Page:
The Corner

Politics & Policy

Environmentalist Attack Against Capitalism in NYT

The New York Times rarely publishes a guest op/ed piece with which its hard left-wing editors have a significant disagreement.

Which makes a frontal attack on capitalism as the primary cause of environmental degradation and the global warming, by Benjamin Y. Fong, a notable development. From, “The Climate Crisis? It’s Capitalism, Stupid:”

The real culprit of the climate crisis is not any particular form of consumption, production or regulation but rather the very way in which we globally produce, which is for profit rather than for sustainability. So long as this order is in place, the crisis will continue and, given its progressive nature, worsen.

This is a hard fact to confront. But averting our eyes from a seemingly intractable problem does not make it any less a problem. It should be stated plainly: It’s capitalism that is at fault.

As an increasing number of environmental groups are emphasizing, it’s systemic change or bust. From a political standpoint, something interesting has occurred here: Climate change has made anticapitalist struggle, for the first time in history, a non-class-based issue.

So, those who have charged that “green is the new red,” have it right.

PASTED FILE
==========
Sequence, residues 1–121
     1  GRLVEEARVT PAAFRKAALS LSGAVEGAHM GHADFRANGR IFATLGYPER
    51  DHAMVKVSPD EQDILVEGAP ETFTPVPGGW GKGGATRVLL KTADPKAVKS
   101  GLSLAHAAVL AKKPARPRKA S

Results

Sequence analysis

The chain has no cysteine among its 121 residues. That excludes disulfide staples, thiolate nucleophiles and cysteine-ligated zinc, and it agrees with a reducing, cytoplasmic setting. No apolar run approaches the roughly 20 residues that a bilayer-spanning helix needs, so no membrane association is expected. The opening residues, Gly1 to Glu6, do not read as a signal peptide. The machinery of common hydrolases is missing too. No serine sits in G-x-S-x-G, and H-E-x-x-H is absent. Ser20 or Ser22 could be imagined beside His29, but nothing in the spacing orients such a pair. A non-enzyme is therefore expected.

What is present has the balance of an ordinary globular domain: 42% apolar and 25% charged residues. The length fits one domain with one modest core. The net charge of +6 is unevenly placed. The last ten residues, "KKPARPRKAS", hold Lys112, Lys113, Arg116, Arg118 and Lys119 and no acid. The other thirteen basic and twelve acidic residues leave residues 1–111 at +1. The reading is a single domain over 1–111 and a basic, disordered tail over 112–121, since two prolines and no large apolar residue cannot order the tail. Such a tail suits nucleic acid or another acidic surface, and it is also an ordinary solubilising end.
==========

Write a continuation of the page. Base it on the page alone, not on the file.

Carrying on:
Which is odd, because the dirtiest economies have tended to be communist ones, such as the old Soviet Union and the People’s Republic of China. I mean, when there is no democratic accountability or rule of law, the government can do what it wants.

Those facts notwithstanding, Fong is explicitly pro communist:

On the defensive for centuries, socialists have become quite adept at responding to objections from people for whom the basic functions of life seem difficult to reproduce without the motive power of capital. There are real issues here, issues that point to the opacity of sociability, as Bini Adamczak’s recent book, “Communism for Kids,” playfully explores.

But the burden of justification should not fall on the shoulders of those putting forward an alternative. For anyone who has really thought about the climate crisis, it is capitalism, and not its transcendence, that is in need of justification.

Socialism as an ideology is only about two hundred years old, but never mind.

Environmentalism is becoming both anti-human–as I have written elsewhere–and pro-authoritarian economic control. Reader take warning.

 

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